Access to private plays for accredited investors have increased in recent years, and some financial advisors are using this as a point of differentiation for their practices.
"This is just the beginning," said Eric Mancini, certified financial planner and wealth advisor with Traphagen Financial Group. "It's only in the last couple of years we're seeing any sustained push from [private equity] companies."
In fact, according to Bloomberg, "private equity is trying to cut out the middleman — namely, the brokers at big money-management units at large banks [and] … could potentially automate a lot of the paperwork and tax documentation."
Mancini sees it as a growing trend for several reasons, such as emerging technology platforms that facilitate the extensive paperwork, client tracking and communication specific to private investments. In addition, there is greater interest from advisors due to anticipated low returns from public investments and concerns about valuations, and private equity companies are now starting to understand how to package deals for accredited retail clients.
Private equity is an area of specialty for Matt Chancey, a CFP affiliated with the Clariphi Advisory Network. He also sees private investment options increasing and says some of the reasons are due to the fact that they are more:
- Attractive. As competition grows, companies are putting deals together to benefit the investors — for example, giving a higher share of profits.
- Accessible. Minimum investment levels are dropping, sometimes to as low as $25,000.
- Transparent. Ownership partners are putting in their own money, with higher-quality management teams.
- Niche. Deals are more sector-specific (e.g., fast food, auto dealers, IT services, waste management), resulting in more and smaller transactions.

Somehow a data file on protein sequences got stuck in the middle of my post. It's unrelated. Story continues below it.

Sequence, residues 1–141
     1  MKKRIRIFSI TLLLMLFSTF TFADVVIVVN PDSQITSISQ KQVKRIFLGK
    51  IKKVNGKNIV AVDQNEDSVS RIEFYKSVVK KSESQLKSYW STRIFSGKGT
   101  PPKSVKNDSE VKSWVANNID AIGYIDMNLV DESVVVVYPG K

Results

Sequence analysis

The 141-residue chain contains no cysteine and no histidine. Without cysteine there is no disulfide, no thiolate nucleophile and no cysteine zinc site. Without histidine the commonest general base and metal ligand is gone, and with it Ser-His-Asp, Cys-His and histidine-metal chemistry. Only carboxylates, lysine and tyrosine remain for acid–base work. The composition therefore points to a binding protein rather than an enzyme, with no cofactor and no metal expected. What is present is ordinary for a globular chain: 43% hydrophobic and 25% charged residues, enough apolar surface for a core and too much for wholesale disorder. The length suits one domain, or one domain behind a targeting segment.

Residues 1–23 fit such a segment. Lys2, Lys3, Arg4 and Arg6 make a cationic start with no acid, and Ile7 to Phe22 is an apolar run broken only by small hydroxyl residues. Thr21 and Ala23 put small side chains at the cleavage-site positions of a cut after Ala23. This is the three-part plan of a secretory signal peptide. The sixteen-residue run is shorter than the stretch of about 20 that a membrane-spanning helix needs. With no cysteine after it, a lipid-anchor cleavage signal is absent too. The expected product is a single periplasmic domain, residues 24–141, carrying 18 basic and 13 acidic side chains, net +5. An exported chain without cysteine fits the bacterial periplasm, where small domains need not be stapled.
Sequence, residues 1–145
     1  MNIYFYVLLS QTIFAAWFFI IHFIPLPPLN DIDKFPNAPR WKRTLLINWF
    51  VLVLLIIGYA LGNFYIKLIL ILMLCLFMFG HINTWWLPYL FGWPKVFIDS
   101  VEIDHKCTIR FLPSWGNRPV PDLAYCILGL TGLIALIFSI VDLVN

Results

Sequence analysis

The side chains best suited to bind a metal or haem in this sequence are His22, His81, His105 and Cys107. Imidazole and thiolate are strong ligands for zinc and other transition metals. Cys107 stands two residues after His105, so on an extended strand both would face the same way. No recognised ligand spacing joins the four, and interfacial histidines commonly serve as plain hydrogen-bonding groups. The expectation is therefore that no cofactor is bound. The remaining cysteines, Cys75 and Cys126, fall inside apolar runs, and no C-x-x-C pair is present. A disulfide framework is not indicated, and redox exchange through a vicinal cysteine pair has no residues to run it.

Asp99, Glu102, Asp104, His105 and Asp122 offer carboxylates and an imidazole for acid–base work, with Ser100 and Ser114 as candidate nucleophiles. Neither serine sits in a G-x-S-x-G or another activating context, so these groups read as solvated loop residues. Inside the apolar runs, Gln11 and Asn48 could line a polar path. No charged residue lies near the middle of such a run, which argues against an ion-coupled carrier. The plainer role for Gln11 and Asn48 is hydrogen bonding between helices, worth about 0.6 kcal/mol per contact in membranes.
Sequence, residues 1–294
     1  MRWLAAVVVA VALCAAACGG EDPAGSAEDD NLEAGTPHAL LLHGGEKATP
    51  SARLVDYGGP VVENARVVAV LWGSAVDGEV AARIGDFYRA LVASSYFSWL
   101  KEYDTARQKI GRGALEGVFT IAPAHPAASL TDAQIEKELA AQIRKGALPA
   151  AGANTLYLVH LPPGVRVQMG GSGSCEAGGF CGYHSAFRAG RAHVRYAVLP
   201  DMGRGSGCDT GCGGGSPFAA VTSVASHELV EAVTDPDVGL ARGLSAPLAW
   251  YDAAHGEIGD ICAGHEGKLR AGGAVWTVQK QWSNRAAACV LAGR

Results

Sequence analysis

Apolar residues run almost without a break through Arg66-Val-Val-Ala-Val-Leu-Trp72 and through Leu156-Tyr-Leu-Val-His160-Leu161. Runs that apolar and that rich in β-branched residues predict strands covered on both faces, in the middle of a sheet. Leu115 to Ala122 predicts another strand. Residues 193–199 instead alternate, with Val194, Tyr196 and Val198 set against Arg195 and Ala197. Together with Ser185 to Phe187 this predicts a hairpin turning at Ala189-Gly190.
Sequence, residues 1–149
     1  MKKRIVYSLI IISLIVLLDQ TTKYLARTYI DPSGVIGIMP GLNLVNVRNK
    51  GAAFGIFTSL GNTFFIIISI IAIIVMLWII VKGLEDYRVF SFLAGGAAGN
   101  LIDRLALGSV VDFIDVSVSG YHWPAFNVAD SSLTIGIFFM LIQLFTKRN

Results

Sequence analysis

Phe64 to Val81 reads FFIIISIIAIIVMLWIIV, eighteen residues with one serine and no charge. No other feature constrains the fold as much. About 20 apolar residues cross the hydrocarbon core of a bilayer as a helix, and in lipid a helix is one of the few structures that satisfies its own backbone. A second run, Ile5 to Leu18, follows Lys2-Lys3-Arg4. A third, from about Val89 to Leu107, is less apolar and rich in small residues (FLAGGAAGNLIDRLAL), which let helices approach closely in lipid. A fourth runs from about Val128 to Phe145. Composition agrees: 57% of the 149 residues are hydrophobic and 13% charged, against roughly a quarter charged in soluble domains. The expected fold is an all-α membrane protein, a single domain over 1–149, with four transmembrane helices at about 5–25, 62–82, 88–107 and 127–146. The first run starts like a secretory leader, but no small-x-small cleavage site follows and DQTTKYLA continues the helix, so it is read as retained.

"There are risks, and it's important to understand each deal before committing client capital," Chancey said. "But with appropriate position sizing and diversification across multiple deals, it's a benefit to many investors."
He cites the benefits over traditional equity and fixed-income investments as lack of liquidity, which keeps investors committed to the planning; enhanced return stream; potentially tax-advantaged returns; and lower volatility, because private equity does not trade in the liquid markets.
Chancey sees his expertise in private investing as a differentiator for attracting new clients.
Similarly, private investment is a key component of LotusGroup Advisors' investment strategy, according to Andy Seth, founding partner. The practice has executed 484 individual placements in the past five years.
Seth sees private equity as an important tool for generating cash flow, averaging $70,000 per year per client.
"Our selection criteria currently include only recession-resilient deals, such as mobile homes, affordable housing or skilled nursing facilities," he said. "The deals are 'stacked,' and we educate and encourage all our [eligible] clients to make at least five private investments within two years of onboarding."